Last night, I discovered a story how Google Street View can be used to tell the story of cities, including the agony of my home city, Detroit. I wish I had discovered this earlier, because it is a great tool to document change, despite the weirdness of Google’s spy cam on all of us, in our neighborhoods. I decided to use the time machine portal to see how the former home of my Michigan relatives fared between 2007 and 2013. So this is a very personal issue for me.
What I found was not surprising, and I had reported on this on an earlier post. What I discovered today was a more rich visual tale of the decay that really is the story of Detroit’s ills over the past six years (2007-’13). I think this kind of storytelling should be used in the face chirpy “Detroit on the rebound” news coverage that some want to promote that seeks to ignore the full story.
About a month ago, I published a blog about my reaction to seeing parts of Detroit that had fallen into disturbing decay, complete with ravaged neighborhoods, arson-torched homes, and the collapse of communities. This sparked a bit of a backlash by a group of current and former Detroit area advocates (all white, like me by the way) who rushed to Detroit’s defense and said negative storytelling ignores the “good people” and “good stories” and tales of the recovery. I then reviewed the data, and think rose-colored perspectives can be naive at best given the indicators of crime, poverty, employment, population health, and more. I do think balance is critical, but you cannot ignore what you see, particularly with tools like Google Street View, and in the work of recent documentary photographers.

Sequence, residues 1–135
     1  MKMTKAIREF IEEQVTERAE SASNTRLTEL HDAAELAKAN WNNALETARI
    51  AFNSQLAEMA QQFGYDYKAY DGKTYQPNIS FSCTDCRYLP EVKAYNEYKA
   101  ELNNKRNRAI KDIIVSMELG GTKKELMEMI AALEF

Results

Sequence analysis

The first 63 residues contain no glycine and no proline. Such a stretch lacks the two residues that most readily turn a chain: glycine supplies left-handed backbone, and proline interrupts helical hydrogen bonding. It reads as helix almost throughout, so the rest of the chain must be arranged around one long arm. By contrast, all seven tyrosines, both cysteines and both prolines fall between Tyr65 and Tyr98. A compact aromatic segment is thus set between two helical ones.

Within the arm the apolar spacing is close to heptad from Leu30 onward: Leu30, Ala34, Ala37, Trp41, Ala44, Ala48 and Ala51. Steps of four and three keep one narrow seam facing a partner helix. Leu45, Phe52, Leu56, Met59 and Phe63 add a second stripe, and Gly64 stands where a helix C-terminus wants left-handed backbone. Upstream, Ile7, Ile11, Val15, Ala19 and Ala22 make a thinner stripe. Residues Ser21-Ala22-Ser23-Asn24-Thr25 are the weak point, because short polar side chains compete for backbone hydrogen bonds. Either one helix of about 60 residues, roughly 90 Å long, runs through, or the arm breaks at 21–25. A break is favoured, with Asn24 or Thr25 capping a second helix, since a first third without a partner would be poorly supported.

This is an American story and an American tragedy, with many villains, many victims, and a still uncertain future. Recovery will take decades. Right now many people are struggling, and many people have just walked away–like my relatives did decades ago. Many in leadership positions in our country would prefer to have our country spend tens of billions to preserve our strategic priorities in foreign lands and willfully ignore a once great city that is, by all definitions, an “African American” community that many in this country care very little about.
I talked about this with an old public health classmate of mine and how young Americans go overseas to address global issues of poverty and development. He wryly commented, maybe some new grads can work on “third world” issues in our country. I think he is right.